Students who were planning to travel to Costa Rica or Peru this summer may have to make new plans.
The study abroad programs to these locations previously offered to Central Oregon Community College students have both been cancelled due to lack of participation, according to Jon Bouknight, a Communications professor at COCC. The programs were sponsored by COCC in conjunction with the Oregon International Education Consortium, and were offered to students in all six participating colleges.
“We simply didn’t have enough students,” Bouknight said, who is also a statewide representative for the OIEC.
In order to make the Costa Rica trip financially possible, at least 15 students needed to participate, according to Bouknight. By the application deadline, only six students had applied, and only one applicant was from COCC.
COCC students weren’t the only ones who demonstrated a decreased interest in studying abroad.
“In years past, there was not only a greater interest here, but also at other colleges throughout oregon,” Bouknight said.
It’s hard to pinpoint what caused the lack of interest, according to Bouknight. Some changes were made to the program, but they were all for the “betterment of the program.” The cost of the trip was $200 cheaper than previous years, and the destination was moved to a cleaner location that put everything within walking distance of where the students would be staying, he said.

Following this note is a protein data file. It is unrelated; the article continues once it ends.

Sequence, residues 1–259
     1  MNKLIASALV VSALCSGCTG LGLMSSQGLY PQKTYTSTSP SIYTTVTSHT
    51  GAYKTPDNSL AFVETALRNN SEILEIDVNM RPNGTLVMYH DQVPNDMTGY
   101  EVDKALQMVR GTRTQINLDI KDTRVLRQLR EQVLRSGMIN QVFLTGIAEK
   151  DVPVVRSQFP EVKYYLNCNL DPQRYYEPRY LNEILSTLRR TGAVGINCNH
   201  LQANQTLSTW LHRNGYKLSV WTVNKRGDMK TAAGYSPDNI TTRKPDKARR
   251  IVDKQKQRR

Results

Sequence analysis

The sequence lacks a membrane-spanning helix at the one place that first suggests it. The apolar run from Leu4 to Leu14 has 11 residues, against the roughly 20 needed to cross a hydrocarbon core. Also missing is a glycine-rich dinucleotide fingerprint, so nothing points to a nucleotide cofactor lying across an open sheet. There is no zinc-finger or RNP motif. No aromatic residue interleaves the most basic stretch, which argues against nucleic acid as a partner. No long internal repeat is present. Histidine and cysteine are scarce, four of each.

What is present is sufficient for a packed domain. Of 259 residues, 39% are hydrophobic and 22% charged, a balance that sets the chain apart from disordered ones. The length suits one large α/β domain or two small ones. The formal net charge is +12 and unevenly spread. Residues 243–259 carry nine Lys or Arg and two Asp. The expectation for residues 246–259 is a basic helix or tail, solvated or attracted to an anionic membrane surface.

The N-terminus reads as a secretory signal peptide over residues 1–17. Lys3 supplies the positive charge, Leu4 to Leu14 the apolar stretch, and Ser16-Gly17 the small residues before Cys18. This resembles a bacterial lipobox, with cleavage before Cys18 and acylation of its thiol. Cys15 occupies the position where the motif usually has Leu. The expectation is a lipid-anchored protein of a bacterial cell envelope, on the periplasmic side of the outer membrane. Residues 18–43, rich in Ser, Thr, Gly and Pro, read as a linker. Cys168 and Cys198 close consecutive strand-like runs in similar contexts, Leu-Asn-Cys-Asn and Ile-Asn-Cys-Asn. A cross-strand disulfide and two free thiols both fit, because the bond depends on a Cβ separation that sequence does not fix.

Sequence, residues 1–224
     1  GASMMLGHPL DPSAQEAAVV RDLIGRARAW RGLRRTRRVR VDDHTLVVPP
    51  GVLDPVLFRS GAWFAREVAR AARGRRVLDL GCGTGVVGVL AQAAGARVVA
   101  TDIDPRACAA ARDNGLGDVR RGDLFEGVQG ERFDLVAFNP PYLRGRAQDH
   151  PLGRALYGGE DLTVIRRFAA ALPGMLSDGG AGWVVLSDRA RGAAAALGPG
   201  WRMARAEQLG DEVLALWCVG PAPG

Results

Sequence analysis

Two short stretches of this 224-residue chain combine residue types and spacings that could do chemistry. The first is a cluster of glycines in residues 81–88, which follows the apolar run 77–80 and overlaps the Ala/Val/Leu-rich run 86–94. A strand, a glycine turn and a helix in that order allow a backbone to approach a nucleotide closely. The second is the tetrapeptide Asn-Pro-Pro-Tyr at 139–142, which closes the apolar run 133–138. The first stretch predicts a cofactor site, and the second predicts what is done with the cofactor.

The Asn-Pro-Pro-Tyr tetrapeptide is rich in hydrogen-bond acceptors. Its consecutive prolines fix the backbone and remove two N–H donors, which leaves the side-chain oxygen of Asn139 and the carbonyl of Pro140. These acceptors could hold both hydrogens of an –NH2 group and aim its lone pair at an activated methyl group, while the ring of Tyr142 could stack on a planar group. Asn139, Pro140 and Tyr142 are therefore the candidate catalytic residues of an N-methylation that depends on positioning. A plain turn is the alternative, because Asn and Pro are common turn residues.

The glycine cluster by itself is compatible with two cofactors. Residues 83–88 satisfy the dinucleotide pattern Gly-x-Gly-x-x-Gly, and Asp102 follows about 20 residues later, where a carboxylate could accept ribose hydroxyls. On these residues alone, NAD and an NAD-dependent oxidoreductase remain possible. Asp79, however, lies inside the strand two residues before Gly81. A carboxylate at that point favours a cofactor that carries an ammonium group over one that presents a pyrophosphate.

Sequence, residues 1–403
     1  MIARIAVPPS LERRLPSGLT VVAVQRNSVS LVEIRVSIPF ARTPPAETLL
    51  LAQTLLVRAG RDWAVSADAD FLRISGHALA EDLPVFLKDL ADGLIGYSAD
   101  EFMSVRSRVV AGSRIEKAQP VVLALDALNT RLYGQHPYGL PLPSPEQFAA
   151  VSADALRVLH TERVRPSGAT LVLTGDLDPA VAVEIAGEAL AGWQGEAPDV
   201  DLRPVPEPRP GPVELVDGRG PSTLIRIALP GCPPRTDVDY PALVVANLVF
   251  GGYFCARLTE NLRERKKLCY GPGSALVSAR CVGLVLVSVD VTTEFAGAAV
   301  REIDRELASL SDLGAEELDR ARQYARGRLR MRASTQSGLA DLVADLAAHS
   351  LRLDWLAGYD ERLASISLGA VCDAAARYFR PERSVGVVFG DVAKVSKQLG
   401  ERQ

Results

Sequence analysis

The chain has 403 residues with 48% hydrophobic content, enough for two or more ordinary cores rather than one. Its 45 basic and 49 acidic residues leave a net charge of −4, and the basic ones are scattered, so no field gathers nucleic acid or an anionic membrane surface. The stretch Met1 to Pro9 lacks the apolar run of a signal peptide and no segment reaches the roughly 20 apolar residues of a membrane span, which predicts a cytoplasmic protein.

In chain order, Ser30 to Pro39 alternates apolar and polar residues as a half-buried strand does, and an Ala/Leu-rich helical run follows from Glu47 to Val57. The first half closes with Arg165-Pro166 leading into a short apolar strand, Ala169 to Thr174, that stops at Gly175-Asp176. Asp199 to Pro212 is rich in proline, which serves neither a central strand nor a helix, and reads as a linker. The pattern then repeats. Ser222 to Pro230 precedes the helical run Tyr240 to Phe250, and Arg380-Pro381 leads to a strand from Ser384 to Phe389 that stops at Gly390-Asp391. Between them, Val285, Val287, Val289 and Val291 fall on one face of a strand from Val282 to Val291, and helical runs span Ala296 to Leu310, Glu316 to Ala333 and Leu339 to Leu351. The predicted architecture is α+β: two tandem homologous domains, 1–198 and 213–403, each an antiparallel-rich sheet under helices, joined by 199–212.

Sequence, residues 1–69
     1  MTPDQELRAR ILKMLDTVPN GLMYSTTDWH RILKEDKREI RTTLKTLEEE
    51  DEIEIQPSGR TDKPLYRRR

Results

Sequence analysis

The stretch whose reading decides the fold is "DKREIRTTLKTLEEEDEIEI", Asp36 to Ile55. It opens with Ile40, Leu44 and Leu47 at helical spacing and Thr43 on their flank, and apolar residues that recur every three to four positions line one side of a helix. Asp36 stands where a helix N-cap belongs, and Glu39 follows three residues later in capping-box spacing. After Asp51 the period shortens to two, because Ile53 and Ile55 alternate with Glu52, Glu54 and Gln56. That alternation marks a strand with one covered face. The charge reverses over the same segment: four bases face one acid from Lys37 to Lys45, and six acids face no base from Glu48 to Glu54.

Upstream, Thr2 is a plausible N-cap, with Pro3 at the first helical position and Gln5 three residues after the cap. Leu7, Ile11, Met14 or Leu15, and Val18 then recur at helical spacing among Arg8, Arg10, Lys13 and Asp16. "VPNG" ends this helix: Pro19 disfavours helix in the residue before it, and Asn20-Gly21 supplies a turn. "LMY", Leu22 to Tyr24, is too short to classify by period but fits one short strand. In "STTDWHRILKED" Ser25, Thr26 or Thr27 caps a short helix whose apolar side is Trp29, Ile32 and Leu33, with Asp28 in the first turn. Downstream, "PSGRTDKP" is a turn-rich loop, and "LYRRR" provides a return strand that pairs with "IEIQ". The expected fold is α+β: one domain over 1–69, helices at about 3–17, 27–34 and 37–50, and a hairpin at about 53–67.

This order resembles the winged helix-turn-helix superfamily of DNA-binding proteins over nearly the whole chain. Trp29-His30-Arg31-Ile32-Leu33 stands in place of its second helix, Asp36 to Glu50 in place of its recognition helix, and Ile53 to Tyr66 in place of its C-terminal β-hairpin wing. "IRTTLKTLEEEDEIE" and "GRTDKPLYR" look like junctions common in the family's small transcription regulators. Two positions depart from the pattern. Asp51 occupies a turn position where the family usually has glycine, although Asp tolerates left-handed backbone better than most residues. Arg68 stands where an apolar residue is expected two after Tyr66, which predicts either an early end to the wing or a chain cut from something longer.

Lack of recruitment could have played a part in the issue, according to Ken Ruettgers, a Sociology professor at COCC who was involved in organizing the Costa Rica trip.
“Not to blame someone else for all this, but the other community colleges that are part of OIEC do not recruit as heavily as we at COCC do for study abroad,” said Ruettgers. “To me it is a disappointment that there is not as much awareness and interest for this great opportunity.”
Scholarship students may still use their awards
During a meeting on March 1, the Associated Students of Central Oregon Community College unanimously voted to let the two students who had previously been awarded $2000 ASCOCC scholarships use the money for other programs.
The two scholarships were paid for by ASCOCC funds. Winners were determined by a selection committee, which consisted of Kelly Huskey, the director of student organizations at ASCOCC and Thomas Barry, a COCC sociology professor who was involved with the original proposals for the study abroad program. The committee consisted of four or five other members, according to Barry; as of press time, Huskey had not confirmed the identity of the other members.
One of the scholarship winners was Thyia Marshall, a COCC student and ASCOCC assistant. Marshall, who has worked as an assistant for Huskey and Eliot Collins, ASCOCC’s director of student affairs, intended to use her scholarship to study abroad in Peru.
“I’m allowed to keep the money if I can find another program that benefits my education,” said Marshall, who has applied for two different study abroad programs, both of which were cancelled. Marshall is in the process of looking for another program.
Barry encourages students who planned to attend the cancelled trips to find another way to study abroad this summer. He recommended that students look for opportunities outside of the college, and talk to people they may know who have previously studied abroad for advice.
“There’s a lot of stuff out there,” said Barry. “Just look around.”
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